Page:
Thursday, April 14, 2011

Does the C-word bring out the best or the worst in you?

I recently responded to a question in a discussion forum relating to that C-word.  You know, the one that's known to bring out the best in some and the worst in others while leaving the majority clueless, indifferent or vicarious wannabe-s.  I'm talking about Competition.

Yes, it's something that I can't claim to have had a good relationship with.  Matter of fact, I've pretty much excluded it from my vocabulary except when explaining why, of course :).  However, I'm interested to know how you feel about competition. 

Let's face it, governments and businesses claim that the economy would suffer to the point of extinction without it.  And, truth be told, I am probably complicit in the survival of competition.  I mean, I do tend to shop where I believe things are cheapest.  Go on, call me a hypocrite.

But perhaps it's not quite as it seems?  You see, I shop where it's cheapest for these reasons:

1.  That's pretty much what I can afford
2.  That's pretty much what I'm willing to pay
3.  I don't believe that I should pay any more and we wouldn't have to if most businesses weren't out to make a profit (and please read *profit* in terms of consumer demand as well as the supply of resources - people and other- from a position of disadvantage).

So, am I really complicit?  Perhaps. 

I'm deliberately ambivalent here because, as I see it,  my intention is not to help put anyone out of business.  On the contrary, I can see that often, it helps the biggest profit-makers make even more profit since they are the ones who can afford to sell at the lower/more *competitive* prices.

Effectively, I gain wrt my immediate needs and desires but not wrt my broader, more humanitarian aspirations. 

I suppose I could raise a similar (and equally unconvincing) argument with respect to voting in governments who take their countries to war.  I don't want to go to war but it's part of the total election package, which overall, provides me with more benefits than losses .  It's too bad about the war thing. which, of course, I don't support.  Besides, I wouldn't give my vote to any of the other contenders...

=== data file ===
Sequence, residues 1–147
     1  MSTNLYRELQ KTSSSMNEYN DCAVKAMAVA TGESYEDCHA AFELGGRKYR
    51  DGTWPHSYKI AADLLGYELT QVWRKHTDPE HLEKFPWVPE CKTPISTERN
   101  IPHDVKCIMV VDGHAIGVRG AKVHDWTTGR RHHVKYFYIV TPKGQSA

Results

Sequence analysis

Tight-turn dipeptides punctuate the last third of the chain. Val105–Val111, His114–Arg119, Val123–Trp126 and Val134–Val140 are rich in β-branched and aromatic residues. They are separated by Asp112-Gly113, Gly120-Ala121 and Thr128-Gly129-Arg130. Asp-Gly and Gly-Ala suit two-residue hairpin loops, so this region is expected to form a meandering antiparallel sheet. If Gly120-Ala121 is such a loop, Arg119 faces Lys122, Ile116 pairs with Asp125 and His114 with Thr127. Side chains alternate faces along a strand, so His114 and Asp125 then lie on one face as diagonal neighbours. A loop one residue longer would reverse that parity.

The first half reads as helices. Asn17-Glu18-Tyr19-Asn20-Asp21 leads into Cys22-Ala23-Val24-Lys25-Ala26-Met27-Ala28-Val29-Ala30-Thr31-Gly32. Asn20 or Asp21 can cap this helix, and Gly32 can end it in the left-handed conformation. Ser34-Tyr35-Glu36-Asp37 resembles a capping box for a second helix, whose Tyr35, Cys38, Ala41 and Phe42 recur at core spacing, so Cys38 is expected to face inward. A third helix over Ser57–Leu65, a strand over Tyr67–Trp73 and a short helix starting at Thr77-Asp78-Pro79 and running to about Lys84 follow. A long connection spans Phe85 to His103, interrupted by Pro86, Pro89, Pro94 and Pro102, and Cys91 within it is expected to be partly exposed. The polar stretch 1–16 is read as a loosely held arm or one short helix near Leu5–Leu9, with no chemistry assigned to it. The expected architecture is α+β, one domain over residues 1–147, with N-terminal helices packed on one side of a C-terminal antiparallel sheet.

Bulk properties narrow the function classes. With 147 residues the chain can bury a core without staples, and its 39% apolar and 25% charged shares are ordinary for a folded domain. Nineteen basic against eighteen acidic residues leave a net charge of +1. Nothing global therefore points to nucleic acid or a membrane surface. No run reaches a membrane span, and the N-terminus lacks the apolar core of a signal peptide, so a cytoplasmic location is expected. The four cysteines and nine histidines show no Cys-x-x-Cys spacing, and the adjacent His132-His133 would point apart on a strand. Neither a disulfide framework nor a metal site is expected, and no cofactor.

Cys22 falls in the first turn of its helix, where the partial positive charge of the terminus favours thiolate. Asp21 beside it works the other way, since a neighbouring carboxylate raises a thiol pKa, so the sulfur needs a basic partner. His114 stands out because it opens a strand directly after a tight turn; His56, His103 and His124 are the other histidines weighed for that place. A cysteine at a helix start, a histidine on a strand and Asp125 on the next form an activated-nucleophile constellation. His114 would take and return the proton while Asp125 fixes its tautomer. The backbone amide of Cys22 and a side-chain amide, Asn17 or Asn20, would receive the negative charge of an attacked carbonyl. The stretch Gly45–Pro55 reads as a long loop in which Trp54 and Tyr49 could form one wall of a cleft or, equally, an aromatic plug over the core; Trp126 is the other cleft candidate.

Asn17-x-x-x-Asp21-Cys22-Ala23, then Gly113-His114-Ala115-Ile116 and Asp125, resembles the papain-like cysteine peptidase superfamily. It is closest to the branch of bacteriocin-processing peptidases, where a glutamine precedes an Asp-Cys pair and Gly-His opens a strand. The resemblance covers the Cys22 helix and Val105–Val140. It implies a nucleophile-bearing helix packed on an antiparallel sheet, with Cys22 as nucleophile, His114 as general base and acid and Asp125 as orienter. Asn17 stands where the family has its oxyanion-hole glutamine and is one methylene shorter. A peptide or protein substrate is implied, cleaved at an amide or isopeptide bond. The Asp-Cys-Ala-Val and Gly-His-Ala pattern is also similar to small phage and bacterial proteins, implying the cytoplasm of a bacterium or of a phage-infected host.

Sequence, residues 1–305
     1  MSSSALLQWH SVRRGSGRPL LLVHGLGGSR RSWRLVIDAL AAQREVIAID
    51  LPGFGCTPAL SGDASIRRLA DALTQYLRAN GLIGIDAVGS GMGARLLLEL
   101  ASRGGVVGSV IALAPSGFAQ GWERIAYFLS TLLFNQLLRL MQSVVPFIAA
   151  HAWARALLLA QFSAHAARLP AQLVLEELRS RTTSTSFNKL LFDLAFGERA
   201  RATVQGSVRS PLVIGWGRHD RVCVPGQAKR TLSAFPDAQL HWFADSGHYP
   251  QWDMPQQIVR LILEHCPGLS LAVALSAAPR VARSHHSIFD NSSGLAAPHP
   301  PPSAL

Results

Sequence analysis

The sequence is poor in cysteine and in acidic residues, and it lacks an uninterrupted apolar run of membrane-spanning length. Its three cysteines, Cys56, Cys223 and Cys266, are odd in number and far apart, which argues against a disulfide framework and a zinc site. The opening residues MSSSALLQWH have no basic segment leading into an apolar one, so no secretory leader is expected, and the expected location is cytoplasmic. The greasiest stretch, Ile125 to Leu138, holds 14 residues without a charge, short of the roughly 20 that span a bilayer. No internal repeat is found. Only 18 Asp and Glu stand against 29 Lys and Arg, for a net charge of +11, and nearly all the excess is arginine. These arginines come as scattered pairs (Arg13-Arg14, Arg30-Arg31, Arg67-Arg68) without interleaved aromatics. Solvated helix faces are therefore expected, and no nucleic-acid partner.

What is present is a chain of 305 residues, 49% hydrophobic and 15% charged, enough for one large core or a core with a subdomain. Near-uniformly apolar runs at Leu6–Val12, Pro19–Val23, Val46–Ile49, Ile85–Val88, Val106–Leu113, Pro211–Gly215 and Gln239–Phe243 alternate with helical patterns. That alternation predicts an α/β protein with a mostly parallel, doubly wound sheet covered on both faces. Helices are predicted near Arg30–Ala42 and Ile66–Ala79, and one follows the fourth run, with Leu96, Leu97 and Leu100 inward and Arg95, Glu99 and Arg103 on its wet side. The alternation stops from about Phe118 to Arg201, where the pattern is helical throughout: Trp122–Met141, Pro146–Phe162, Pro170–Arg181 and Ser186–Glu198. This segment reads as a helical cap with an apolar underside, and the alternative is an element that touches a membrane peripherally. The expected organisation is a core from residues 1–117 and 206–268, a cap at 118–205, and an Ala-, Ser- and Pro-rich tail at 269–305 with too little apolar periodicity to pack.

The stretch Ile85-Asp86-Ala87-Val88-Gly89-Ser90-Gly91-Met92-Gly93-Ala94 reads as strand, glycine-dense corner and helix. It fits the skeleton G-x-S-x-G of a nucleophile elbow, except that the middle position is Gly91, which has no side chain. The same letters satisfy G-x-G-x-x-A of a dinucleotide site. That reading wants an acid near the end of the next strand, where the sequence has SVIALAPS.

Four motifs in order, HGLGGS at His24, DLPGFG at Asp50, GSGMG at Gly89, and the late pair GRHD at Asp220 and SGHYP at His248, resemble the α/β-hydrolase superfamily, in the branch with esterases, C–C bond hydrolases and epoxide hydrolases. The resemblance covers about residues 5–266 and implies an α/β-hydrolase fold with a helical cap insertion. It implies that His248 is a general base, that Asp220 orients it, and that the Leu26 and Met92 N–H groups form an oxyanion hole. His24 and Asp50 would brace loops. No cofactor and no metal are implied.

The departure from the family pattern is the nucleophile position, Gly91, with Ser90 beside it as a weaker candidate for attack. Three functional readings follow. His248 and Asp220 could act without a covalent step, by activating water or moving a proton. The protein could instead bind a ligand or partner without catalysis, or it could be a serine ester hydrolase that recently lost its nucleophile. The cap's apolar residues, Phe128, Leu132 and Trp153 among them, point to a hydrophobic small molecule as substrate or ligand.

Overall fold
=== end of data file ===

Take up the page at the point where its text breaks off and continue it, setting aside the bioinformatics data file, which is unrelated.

Oh, look, I'm veering well off the topic of competition but I just thought I'd mention that war point since I talked about complicity (another C-word, in case you hadn't noticed :)).

Anyways, back to Competition.  Aside from the competition in the so-called *free* market, there are many other instances of competition.  Like I said earlier, even though I may be inadvertently complicit, I don't enjoy a very good relationship with Competition.  Here's why as I explained in my response at the discussion forum to a question about the 'ups and downs of competition':

The only logical reason I would have for entering a competition is to win. This effectively means that I need to do better than everyone else who enters that competition, however *better* is defined. It puts me right off.

I begin to feel anxious and my confidence and interest rapidly decline as I am certain that even though I would be doing my best, there could always be someone else who is *better*. That someone will win and I will not. All my effort and achievement will pale into insignificance in the blinding light of someone else's achievement. It's not a nice feeling at all.

To compete means to try and outdo others. I haven't yet found this a joyous thing.

Why do we have to try and outdo others? I guess for some people it may be an effective way to bring out the *best* in them. So far, it hasn't done this for me.

For me, my best is not a one-dimensional achievement but something that impacts on several aspects of my life in a holistic sort of way. It results in a sense of fulfillment that transcends my personal wellbeing and joy to the wellbeing and joy of others.

You could say that I feel I'm doing my best when what I do has a positive impact on myself as well as on others. In other words, I feel I'm doing my best when I'm contributing with harmony and joy. My experience of competitions to date has rarely been anchored in harmony and joy.

If, however, my motivation for doing something is to see how far I can go regardless of how far others have gone or may go, then I believe that I can (and do) do this without having to compete. I'm always *challenging* (I prefer *inviting* and *inspiring*) myself everyday in little ways. I am also inspired by others, including children. To respond from inspiration is a much kinder and loving way to treat myself and it allows me to enjoy the flow-on effects on others.

If, on the other hand, competition actually means *inspiration* then, hey, I'll be first in line (how's that for a bit of good ol' pushin' and shovin' :)) 

What are your thoughts?  I promise I won't be rewarding winners and punishing losers :)

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